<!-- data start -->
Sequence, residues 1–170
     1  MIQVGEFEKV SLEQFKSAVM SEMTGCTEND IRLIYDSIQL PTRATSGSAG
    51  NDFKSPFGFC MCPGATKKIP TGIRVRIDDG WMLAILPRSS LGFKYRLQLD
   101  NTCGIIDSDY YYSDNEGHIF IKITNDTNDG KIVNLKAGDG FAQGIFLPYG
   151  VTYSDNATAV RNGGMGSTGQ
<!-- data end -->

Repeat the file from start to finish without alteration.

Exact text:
Sequence, residues 1–170
     1  MIQVGEFEKV SLEQFKSAVM SEMTGCTEND IRLIYDSIQL PTRATSGSAG
    51  NDFKSPFGFC MCPGATKKIP TGIRVRIDDG WMLAILPRSS LGFKYRLQLD
   101  NTCGIIDSDY YYSDNEGHIF IKITNDTNDG KIVNLKAGDG FAQGIFLPYG
   151  VTYSDNATAV RNGGMGSTGQ